Collaborative design

The future of studio culture

The quality of architectural education depends heavily on its studio culture.  A studio is where students synthesize knowledge gained from support courses as well as the real world.  But the studio culture was forced to evolve rapidly as universities around the world embraced online learning to combat pandemic related shutdowns.   What is the future of studio culture as the pandemic wanes and life returns to normal?     

Studio culture

Architecture as a discipline involves a broad range of technical, artistic, and social skills.  The design studio is where these skills find a venue to grow and prosper.  It is where students research, propose, test, develop, and present ideas that synthesize lessons learned in the classroom and the real world. It is also a place where students explore creative solutions and celebrate the results of innovation and discovery.

 Intensive studio experience at Moscow School of Architecture
Intensive 24/7 studio experience at Moscow School of Painting, Sculpture and Architecture 1

Transition to remote learning

Many schools of architecture were experimenting with joint studios with other architecture schools to expose students to the global nature of architectural practice.  Collaborative media technologies such as virtual meetings and video conferencing allowed seamless connections with students and critics across thousands of miles.  When the pandemic hit us suddenly, these schools were able to transition quickly to the fully remote learning environment, while other schools had to scramble to find workable solutions. 

Future of studio culture
Traditional studio experience 2

Democratization of the learning environment

The decentralization of architectural education has disrupted the old models by democratizing the learning environment.  Some of the differences between private colleges and public universities have eroded.  Anyone with a decent laptop and an Internet connection can participate in an online class whether it is hosted by a renowned university or a local community college.  At the same time, a professor can teach at various universities remotely without ever leaving his or her practice, making the expertise more accessible to all. 

Fostering studio culture for community engagement

As a laboratory for new ideas, a design studio thrives on intellectual curiosity, multiple points of view, mutual respect, and informality.  However, one of the criticisms of traditional studio based architectural education is that it has very little relevance to the real world.  In addition, despite the creative energy and intensity of the studio culture, architectural schools have very little impact on their immediate community.  The Association of Collegiate Schools of Architecture (ACSA) took up this challenge and devoted their 107th annual meeting to focus on one question:  How can schools help students engage with local communities? 3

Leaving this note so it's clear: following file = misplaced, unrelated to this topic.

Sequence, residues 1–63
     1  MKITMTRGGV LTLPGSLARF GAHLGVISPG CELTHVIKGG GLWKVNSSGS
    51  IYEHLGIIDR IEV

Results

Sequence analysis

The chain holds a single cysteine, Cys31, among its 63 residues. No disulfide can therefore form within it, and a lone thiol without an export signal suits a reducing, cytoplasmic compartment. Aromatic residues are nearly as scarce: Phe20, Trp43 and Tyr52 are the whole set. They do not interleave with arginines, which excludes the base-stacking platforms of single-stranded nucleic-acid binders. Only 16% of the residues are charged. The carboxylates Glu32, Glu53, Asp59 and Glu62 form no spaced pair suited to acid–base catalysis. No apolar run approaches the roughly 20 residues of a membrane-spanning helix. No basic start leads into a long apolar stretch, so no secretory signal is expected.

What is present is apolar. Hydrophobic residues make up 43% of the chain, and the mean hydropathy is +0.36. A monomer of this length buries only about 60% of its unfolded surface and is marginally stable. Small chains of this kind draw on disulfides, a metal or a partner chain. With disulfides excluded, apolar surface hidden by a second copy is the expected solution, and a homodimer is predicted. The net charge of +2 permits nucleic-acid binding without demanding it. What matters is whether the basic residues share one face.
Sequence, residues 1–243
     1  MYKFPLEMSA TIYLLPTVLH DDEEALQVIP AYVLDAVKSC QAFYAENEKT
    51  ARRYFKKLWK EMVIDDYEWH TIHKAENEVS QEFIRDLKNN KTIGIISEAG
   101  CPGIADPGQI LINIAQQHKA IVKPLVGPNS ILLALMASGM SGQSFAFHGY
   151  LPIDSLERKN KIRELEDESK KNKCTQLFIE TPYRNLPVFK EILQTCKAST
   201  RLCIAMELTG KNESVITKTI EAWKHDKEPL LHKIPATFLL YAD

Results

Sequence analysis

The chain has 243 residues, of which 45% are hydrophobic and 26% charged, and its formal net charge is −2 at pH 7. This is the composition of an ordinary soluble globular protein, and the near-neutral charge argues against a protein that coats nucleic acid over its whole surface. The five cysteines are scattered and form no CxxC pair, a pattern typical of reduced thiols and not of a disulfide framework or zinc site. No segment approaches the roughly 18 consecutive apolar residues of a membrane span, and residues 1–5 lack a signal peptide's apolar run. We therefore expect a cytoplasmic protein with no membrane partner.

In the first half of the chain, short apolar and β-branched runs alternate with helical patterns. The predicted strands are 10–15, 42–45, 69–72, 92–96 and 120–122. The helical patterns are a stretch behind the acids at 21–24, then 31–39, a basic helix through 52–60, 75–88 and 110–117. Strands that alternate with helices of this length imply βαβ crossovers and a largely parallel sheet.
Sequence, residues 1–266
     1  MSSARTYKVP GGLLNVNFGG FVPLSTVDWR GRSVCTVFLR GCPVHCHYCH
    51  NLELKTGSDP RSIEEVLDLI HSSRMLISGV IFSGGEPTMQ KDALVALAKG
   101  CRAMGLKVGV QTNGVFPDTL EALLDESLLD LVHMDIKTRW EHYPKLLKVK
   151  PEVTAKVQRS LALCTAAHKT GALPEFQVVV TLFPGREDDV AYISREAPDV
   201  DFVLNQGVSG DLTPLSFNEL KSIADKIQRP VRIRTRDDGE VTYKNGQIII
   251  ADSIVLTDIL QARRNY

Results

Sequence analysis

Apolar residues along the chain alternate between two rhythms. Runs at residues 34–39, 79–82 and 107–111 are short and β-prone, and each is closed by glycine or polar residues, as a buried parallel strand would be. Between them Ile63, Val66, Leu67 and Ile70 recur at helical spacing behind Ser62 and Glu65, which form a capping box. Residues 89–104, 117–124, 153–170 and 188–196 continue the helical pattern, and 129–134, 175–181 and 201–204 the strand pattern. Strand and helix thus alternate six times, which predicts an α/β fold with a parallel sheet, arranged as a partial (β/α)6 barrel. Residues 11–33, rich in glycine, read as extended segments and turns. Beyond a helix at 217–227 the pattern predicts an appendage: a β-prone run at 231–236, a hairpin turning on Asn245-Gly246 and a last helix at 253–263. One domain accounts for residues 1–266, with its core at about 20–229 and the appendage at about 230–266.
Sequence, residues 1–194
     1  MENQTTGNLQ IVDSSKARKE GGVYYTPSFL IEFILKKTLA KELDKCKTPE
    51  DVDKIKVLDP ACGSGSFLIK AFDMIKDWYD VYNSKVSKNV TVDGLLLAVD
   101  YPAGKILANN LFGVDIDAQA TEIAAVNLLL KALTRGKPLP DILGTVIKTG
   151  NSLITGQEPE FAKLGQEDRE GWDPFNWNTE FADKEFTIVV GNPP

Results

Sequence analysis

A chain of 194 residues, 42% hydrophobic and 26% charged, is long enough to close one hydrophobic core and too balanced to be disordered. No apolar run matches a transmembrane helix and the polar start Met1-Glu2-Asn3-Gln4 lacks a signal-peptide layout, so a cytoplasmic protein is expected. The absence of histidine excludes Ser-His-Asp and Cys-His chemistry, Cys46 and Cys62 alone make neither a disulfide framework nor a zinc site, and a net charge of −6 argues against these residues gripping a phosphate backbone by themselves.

Outdoor exhibit of student work at the AA
Outdoor exhibit of student work at the AA 4

Leveraging remote studio culture

One way to improve community engagement is by using studio exercises to tackle real world problems related to architecture and urbanism.  In an award-winning essay published during my teaching career, I had suggested that by involving an entire architectural school in a selected community each year, we can not only create a visible impact but also prepare students for the real world better. 5  The remote studio culture will make it easy to adopt different communities each year whether they are near or far, as well as to engage with local experts.

The new normal

Most experts believe that life will never be the same after the pandemic.  The lessons learned during the pandemic such as remote learning and online collaboration can be leveraged to improve the studio culture for the better.  For example, the USC School of Architecture found a way to recreate the collaborative magic of the architecture studio by using a platform called MMMURMUR.  They realized that bringing architecture students together required more than just Zoom meetings.  Such efforts must be recognized and celebrated.

  • Title image by Mwooten86CC BY-SA 4.0, via Wikimedia Commons. 
  • 1 Intensive 24/7 studio experience at Moscow School of Painting, Sculpture and Architecture.  Photo by Александр СпиридоновCC BY 3.0, via Wikimedia Commons. 
  • 2 Traditional studio experience.  Photo by Ronaldccwong, Public domain, via Wikimedia Commons. 
  • 3 Sarah Rafson in Good Neighbors: How Architecture Schools Are Rethinking Their Relationship to Rust Belt Cities. (2019). Metropolis Magazine.
  • 4 Outdoor exhibit of student work at the AA.  Photo by Ronaldccwong, Public domain, via Wikimedia Commons. 
  • 5 Architectural Education and the Built Future, A Community at a Time, National Institute for Architectural Education Publication, 1992

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